34 Transport for London staff die after testing positive for coronavirus


Thirty-four Transport for London staff have died after testing positive for coronavirus since the start of the pandemic, and the majority were bus workers.

TfL has confirmed that the staff who lost their lives include 28 bus workers, four London Underground and Rail staff, one person who worked in head office, and one who worked at a partner organisation.

Last week TfL introduced “middle-door only boarding” on its buses, in order to limit bus drivers’ proximity to passengers and reduce the risk of catching Covid-19.

TfL commissioner Mike Brown released an emotional statement calling his staff “heroes”.

“34 of our colleagues have passed away. The incredibly important role that they have played for this city will be remembered by all of us forever,” Mr Brown said.

He continued: “We are all utterly devastated that colleagues working in the transport industry have died as a result of the coronavirus pandemic.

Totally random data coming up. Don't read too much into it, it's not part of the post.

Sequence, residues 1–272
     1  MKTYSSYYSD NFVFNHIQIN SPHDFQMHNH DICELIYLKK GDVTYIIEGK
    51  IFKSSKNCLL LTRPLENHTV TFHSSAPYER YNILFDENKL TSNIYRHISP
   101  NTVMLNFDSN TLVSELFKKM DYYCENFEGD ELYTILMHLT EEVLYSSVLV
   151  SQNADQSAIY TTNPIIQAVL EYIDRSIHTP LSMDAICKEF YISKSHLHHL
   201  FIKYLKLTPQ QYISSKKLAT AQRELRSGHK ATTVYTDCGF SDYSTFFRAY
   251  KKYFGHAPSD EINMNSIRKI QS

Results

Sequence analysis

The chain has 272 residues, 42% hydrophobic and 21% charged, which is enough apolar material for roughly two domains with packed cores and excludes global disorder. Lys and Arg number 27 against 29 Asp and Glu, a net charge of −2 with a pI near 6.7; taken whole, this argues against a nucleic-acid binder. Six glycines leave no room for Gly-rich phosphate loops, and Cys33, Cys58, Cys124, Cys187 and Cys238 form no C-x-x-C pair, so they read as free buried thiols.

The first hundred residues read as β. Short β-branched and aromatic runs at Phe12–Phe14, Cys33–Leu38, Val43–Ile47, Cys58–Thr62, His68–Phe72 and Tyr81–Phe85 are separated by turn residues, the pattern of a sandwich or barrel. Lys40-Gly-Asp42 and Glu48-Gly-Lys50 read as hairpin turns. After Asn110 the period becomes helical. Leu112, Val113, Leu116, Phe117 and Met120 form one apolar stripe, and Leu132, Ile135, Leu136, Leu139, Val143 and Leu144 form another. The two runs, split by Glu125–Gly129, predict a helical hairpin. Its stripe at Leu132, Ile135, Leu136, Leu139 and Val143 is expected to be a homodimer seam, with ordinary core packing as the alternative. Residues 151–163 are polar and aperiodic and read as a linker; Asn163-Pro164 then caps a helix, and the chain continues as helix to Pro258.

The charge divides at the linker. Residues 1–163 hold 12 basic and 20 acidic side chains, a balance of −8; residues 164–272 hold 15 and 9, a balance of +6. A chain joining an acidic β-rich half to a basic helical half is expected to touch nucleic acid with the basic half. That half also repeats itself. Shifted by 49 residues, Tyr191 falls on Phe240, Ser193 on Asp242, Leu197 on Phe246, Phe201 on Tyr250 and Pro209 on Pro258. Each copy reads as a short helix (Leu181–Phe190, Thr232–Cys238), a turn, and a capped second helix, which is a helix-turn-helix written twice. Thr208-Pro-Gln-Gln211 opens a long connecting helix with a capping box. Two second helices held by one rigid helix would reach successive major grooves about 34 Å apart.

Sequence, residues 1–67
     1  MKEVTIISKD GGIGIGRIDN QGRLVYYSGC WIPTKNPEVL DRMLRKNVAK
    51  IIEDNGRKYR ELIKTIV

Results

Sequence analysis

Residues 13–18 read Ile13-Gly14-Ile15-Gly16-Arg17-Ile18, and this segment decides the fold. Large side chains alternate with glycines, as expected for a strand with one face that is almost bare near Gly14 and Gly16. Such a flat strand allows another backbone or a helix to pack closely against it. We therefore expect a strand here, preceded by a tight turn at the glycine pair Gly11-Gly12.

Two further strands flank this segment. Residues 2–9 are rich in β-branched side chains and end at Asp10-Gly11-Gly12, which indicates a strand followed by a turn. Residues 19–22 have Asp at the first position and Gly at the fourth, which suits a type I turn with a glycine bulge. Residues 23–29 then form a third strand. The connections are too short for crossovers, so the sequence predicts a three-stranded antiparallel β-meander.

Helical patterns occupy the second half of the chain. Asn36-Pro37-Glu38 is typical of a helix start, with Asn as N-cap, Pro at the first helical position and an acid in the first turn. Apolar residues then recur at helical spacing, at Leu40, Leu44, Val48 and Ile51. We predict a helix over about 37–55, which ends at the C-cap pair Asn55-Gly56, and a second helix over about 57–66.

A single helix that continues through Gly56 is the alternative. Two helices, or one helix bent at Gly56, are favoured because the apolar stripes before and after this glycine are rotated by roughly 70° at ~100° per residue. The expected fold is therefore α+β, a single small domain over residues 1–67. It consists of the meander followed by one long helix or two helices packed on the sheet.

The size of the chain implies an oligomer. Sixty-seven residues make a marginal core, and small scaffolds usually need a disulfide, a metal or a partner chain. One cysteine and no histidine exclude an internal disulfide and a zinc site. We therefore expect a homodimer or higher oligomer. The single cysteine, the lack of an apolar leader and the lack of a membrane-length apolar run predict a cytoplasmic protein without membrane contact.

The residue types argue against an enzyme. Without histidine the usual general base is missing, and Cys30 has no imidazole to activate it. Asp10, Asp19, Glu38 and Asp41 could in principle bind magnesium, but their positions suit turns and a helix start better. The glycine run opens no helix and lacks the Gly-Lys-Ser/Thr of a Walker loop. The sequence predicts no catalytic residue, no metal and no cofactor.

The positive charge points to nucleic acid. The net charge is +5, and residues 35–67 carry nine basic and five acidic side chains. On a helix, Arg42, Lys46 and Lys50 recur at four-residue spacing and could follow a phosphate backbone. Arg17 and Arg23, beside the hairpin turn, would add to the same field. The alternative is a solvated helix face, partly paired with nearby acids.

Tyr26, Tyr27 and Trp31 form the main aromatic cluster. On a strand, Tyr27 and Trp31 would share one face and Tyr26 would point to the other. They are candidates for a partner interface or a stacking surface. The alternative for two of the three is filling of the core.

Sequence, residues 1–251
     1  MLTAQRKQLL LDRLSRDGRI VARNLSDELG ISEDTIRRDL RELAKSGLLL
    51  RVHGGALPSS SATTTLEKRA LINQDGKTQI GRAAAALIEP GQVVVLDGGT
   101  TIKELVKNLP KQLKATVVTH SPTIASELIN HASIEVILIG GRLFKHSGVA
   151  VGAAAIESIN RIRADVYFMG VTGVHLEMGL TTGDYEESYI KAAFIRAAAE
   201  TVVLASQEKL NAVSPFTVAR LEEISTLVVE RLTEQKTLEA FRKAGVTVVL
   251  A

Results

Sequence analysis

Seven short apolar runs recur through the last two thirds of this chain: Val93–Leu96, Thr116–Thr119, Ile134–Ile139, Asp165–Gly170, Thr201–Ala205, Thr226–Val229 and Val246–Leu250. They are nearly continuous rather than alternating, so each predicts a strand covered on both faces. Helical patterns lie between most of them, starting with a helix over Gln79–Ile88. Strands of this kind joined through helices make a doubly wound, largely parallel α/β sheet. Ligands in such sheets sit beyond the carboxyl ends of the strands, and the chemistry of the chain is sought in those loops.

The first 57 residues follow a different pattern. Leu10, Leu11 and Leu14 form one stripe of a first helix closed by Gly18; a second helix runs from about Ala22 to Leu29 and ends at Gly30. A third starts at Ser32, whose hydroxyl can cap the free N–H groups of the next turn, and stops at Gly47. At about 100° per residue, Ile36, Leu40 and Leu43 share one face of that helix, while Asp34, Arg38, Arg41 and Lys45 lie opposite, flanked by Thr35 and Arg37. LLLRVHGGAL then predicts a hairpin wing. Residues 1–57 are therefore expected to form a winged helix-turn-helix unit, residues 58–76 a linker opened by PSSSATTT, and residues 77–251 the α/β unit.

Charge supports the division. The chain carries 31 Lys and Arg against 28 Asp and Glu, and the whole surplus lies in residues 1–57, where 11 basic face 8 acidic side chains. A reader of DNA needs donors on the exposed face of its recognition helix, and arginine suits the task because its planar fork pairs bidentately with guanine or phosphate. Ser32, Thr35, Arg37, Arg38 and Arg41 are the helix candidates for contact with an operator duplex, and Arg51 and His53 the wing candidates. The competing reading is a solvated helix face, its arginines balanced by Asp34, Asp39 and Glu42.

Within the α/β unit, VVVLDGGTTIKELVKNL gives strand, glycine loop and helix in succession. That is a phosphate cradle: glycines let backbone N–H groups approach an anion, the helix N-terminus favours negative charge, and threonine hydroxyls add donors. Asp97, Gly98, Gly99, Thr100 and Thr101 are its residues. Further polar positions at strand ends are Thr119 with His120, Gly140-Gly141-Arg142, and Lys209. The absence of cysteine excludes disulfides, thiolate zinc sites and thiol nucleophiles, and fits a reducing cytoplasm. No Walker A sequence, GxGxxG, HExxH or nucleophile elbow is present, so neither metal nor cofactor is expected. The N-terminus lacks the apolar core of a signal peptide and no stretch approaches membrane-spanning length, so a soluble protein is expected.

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“It is an absolute tragedy and I can’t imagine the pain and suffering that their families and friends are going through.

“Transport workers have risen to the challenge of the coronavirus with great humanity, compassion and a real determination to do what is right for Londoners.

“They have been on the front line of the national effort to beat the pandemic. They are all heroes, enabling doctors, nurses, ambulance workers and many other people carrying out critical roles to get to work and save lives.”

The announcement comes days after TfL furloughed 7,000 of its staff – about 25% of its total workforce – with all staff affected receiving full pay.

Since the lockdown, bus usage in London has fallen by 88%. Passenger numbers on the London Underground have fallen by 95%, although there are still concerns that train carriages can be congested at peak times.

Mr Brown added: “The safety of our colleagues and those using our services is our absolute priority and, working with the Mayor, we will continue doing all that we can to protect our staff and those critical workers who still need to use our services for essential journeys.”

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